As a Lakeland videographer, plenty of people assume that when it comes to video production, all of the work is shouldered by you. If you’ve been in the industry for a while, you are already probably aware of the fact that this is wrong.

In fact, a majority of the work is handled before and after the actual shooting phase of your production. In this article, we’re going to be talking about the post-production phase and the different parts that are involved in this to help you understand how a Lakeland videographer affects this stage.

Media transfer and handling

Before anything else, the videographer has to hand over all of the footage from the shoot. This step involves the transfer and backup of the files, to make sure that nothing gets lost during the editing process. The footage is also labeled to make sure things easier for the editors.

Rough edits

Once all the footage is in, they are pieced together into a very rough edit, just to get a general idea of the flow of the video as a whole.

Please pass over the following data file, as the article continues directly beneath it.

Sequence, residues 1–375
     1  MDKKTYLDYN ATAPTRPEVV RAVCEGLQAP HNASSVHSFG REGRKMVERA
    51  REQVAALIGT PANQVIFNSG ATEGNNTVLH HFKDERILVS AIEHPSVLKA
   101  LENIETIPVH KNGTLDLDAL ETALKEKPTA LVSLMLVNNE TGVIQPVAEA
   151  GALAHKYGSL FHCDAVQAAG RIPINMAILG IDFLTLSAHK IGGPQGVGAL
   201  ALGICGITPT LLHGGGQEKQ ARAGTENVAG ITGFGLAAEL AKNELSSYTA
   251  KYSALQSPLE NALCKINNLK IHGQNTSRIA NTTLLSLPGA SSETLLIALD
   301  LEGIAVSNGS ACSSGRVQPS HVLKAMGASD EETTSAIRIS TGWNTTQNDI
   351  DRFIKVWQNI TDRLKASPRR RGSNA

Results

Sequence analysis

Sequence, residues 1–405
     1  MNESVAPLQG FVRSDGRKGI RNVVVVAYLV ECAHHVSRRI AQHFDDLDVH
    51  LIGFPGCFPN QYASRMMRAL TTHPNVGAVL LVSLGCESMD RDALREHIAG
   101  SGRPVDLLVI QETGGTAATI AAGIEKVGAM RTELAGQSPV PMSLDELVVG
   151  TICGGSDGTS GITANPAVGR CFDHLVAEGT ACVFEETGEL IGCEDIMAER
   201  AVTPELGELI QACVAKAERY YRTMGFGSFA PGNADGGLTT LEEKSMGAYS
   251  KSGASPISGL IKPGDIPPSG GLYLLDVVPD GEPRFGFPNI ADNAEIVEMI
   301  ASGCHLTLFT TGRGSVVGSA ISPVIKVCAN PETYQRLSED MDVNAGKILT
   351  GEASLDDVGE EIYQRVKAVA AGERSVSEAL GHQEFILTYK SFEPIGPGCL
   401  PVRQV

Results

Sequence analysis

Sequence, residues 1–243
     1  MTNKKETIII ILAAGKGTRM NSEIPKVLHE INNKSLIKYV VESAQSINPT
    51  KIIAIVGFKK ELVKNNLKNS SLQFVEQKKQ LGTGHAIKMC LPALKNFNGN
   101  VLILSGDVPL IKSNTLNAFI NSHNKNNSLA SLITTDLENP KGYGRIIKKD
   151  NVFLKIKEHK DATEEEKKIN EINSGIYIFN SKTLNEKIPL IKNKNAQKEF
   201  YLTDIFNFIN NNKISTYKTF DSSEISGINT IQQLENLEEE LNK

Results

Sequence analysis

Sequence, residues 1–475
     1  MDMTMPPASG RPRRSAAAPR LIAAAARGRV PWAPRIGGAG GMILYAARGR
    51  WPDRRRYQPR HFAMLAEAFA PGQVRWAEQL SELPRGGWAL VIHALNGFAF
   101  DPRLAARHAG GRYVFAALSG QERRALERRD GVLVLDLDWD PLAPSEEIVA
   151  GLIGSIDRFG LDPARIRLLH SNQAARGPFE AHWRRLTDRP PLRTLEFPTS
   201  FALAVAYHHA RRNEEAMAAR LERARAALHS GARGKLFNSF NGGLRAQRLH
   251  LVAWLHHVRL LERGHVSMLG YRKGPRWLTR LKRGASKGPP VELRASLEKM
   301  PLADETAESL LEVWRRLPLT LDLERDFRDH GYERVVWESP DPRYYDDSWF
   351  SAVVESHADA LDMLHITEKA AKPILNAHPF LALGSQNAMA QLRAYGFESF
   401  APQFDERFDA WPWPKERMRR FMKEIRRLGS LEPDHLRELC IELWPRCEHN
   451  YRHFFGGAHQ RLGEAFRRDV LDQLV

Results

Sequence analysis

Music is then added early on, to get the general feel and mood of the video. This will help with the rest of the editing steps later on during the process.

Rough cut

When you reach the rough cut step of the video production, this is the step where all of the basic parts are already in place. This includes the music, as we’ve already said, as well as other forms of audio. This will be the rough version of the video. This step is where additional input is appreciated by clients and everyone else involved, as this has most of the moving parts put in. A cohesive video exists in this stage.

Visuals and color

Once you have a clearer idea of the direction of the editing and the clients are happy with what’s on-screen, it’s time to take things further. Later on, you’re going to be adding in the other effects, including other visuals that are important to the overall look of the video.

Fine cut

Once everything is more or less in place, it’s time to polish the overall video. This stage is what is known as the fine cut version of the video. This is pretty much a 95 percent finished product, and a final review is needed in this stage before you send it off to the client or for publishing.